Diabetes Takes Years Off Life Expectancy

Diabetes shortens life by years, study found.

Diabetes was linked to increased mortality — especially in urban areas – due to a range of cardiovascular and non-cardiovascular diseases, according to the results of a new report about diabetes in China.

An international team of researchers conducted a prospective study of more than half a million adults aged 30 to 79 years in order to assess the link between mortality associated with diabetes in rural compared to urban areas. The participants were recruited from five rural and five urban areas between June 2004 and July 2008, with follow-ups continuing until January 2014. The study authors wrote that in China, where the participants were analyzed, the diabetes prevalence has quadrupled over the past few decades; however, there were no reliable estimates of the excess mortality rate linked to diabetes. Typically, diabetes analysis is conducted in high income countries where patients can easily manage their illness, they added.

A total of 30,280 patients, or 5.9%, had diabetes, the researchers found: 4.1% of patients in rural areas compared 8.1% of patients in urban areas. Of those patients, 3.1% had been previously diagnosed and in 2.8% diabetes was detected through screenings. The diabetes patients were found to have twice the risk of dying during the follow-up period compared to their non-diabetic counterparts, and this risk was higher in rural compared to urban areas. A total of 3,384 individuals with diabetes died over the course of the follow-up period, with 24,909 deaths overall.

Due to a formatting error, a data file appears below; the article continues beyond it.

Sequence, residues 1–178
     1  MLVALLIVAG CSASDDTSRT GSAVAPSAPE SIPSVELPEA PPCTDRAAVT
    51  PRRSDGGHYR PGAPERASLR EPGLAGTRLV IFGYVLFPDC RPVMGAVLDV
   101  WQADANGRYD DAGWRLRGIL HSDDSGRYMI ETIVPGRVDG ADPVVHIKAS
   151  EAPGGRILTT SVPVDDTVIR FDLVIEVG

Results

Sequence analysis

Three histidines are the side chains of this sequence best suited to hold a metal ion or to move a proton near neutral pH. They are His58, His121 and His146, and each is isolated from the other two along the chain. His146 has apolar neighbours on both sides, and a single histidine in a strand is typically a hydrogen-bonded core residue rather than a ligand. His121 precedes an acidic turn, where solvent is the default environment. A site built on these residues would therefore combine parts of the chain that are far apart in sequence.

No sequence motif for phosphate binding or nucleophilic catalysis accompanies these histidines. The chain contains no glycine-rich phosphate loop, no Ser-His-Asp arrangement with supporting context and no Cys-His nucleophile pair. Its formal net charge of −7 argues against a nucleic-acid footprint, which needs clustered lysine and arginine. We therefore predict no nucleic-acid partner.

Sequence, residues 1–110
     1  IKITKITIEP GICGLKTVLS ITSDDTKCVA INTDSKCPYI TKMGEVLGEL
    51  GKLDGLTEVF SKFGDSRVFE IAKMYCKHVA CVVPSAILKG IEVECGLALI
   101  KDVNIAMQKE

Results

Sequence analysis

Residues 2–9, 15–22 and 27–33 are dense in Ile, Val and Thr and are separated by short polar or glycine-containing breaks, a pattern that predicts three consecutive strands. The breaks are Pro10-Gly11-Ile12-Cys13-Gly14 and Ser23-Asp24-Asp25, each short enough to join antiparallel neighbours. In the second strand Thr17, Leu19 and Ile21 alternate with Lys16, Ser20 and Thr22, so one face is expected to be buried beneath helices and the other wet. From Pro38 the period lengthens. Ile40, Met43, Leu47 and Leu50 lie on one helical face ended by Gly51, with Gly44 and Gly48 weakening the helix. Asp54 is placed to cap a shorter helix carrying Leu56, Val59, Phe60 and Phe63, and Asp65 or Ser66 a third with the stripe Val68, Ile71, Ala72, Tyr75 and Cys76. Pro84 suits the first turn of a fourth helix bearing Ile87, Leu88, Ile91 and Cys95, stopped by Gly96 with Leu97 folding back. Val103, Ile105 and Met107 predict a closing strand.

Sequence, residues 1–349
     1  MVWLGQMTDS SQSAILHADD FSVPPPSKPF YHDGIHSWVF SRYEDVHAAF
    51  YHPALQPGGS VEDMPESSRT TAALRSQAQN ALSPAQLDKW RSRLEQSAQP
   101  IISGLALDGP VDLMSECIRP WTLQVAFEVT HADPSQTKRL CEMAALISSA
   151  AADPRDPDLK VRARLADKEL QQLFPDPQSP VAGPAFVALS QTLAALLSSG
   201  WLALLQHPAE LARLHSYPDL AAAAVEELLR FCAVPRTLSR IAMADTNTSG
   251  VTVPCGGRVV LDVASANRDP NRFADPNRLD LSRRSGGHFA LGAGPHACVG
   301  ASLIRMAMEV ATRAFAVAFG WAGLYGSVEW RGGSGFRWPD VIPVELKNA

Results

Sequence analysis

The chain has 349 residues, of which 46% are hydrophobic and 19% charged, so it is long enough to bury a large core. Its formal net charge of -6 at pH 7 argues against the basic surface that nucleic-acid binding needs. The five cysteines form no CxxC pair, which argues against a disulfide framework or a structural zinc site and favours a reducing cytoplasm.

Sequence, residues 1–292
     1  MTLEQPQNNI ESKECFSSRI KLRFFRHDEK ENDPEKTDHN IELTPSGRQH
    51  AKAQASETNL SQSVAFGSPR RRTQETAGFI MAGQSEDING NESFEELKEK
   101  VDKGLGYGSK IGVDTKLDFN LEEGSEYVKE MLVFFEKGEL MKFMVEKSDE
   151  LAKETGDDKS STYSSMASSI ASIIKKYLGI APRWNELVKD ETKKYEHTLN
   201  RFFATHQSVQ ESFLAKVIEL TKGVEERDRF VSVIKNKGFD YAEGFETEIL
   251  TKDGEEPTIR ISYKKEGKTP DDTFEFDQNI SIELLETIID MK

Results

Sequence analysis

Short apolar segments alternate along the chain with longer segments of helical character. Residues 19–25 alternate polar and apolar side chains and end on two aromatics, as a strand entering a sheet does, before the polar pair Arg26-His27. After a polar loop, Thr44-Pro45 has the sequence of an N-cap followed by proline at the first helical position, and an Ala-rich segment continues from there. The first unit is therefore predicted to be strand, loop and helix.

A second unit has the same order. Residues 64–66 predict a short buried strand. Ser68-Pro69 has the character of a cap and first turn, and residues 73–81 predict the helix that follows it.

The patients with diabetes had a significantly increased risk for all-cause mortality compared to the healthy subjects; this risk was even higher in rural areas than it was in urban areas, the researchers determined. Having diabetes presented the patients with a higher risk for ischemic heart disease, stroke, chronic liver disease, infections, and cancer of the liver, pancreas, and, in females, breast cancer and cancer of the reproductive system. Additionally, in diabetes patients, 10 percent of deaths were due to definitive or probable diabetic ketoacidosis or coma (16%) in patients from rural areas, 4% in urban areas). This rate was much higher than in high-income countries, the study authors added.

For patients with diabetes aged 50 years, the 25 year the probability of death was 69%, compared to 38% among non-diabetic patients, the researchers concluded. This difference corresponded to about a nine-year loss of life: 10 years for rural area patients and eight years for patients in urban areas. This risk increased even further as the time since diabetes diagnosis increased, the researchers added.

"As the prevalence of diabetes in young adults increases and the adult population grows, the annual number of deaths related to diabetes is likely to continue to increase, unless there is substantial improvement in prevention and management,” the study authors wrote. “Although diabetes was more common in urban areas, it was associated with greater excess mortality in rural areas.”

The paper, titled “Association Between Diabetes and Cause-Specific Mortality in Rural and Urban Areas of China,” was published in JAMA.

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